US President Joe Biden has proposed a new 20 per cent minimum tax on the the wealthiest, vowing to fix the tax code to ensure corporations and rich people "pay their fair share"."This minimum tax would apply only to the wealthiest 0.01 per cent of households, those with more than $100 million, and over half the revenue would come from billionaires alone," Xinhua news agency quoted a White House fact sheet on Biden's budget for Fiscal Year 2023 as saying on Monday.The White House estimates that the proposed tax, which focuses on taxing unrealised capital gains, would raise around $360 billion in revenue over the next decade.The newly released White House budget plan also proposed to raise the corporate tax rate to 28 per cent, up from the current 21 per cent, attempting to partially reverse the tax cuts under the former Donald Trump administration.In late 2017, the Republican-controlled Congress passed a Trump-advocated tax reform bill, which slashed the corporate income tax from 35 per cent to 21 per cent.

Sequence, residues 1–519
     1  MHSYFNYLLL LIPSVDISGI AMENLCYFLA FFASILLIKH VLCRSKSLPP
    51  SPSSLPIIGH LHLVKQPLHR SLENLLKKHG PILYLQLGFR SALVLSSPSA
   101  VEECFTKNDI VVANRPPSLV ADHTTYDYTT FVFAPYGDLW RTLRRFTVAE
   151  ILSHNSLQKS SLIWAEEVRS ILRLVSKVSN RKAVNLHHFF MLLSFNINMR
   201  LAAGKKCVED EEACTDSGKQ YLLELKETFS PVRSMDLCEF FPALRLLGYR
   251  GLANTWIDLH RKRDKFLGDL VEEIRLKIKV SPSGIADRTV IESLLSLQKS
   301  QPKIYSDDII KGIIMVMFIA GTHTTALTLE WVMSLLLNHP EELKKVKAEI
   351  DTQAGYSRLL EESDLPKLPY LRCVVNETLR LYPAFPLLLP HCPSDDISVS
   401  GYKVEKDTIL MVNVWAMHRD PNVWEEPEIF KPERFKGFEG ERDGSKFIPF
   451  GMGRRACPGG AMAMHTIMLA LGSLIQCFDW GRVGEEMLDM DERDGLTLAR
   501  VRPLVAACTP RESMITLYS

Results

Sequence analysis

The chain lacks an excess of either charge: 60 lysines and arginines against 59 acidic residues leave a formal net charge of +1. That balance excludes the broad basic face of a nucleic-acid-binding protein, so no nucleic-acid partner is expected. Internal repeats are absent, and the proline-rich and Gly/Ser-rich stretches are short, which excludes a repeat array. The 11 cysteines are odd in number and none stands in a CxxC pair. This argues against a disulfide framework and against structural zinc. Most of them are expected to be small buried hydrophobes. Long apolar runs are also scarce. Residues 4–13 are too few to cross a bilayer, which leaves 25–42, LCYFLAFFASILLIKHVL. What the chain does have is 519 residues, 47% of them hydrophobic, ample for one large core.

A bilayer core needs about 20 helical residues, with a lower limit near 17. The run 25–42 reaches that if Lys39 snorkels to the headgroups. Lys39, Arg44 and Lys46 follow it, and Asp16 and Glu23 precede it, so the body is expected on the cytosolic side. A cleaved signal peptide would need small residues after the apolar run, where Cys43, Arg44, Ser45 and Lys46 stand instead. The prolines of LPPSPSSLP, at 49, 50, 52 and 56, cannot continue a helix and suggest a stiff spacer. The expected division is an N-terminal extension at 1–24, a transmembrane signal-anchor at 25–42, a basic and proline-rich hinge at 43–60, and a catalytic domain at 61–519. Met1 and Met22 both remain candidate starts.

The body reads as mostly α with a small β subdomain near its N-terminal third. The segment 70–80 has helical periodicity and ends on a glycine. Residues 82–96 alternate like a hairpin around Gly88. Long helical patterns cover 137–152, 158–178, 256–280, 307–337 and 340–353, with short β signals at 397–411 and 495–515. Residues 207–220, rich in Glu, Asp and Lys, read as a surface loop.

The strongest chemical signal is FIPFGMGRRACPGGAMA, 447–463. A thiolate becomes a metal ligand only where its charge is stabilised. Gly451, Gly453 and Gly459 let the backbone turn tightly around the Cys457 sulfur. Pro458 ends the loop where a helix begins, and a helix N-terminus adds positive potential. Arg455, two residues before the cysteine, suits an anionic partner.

"Corporations received an enormous tax break in 2017. While their profits have soared, their investment in our economy did not: the tax breaks did not trickle down to workers or consumers," the White House said.Republican lawmakers, and even "moderate" Democrats Joe Manchin and Kyrsten Sinema have previously opposed to tax increases, and the newly proposed billionaire tax is expected to face obstacles in Congress.Overall, the budget plan reduces deficits by more than $1 trillion over the next 10 years, according to the White House.Noting that "a greater emphasis on deficit reduction would be a welcome change", Maya MacGuineas, president of the Committee for a Responsible Federal Budget, a budget watchdog group, said it's "not nearly enough"."Unfortunately, this budget leaves debt on an unsustainable path, and lacks important details on how it would structure the core of its agenda or address provisions scheduled to expire," MacGuineas said in a statement, adding that even taking the budget at its word, "debt would rise to a new record by the end of the decade"."It's time to reverse course and put the debt on a downward sustainable path by paying for new priorities, reducing wasteful spending, lowering health care costs, restoring trust fund solvency, and increasing revenue."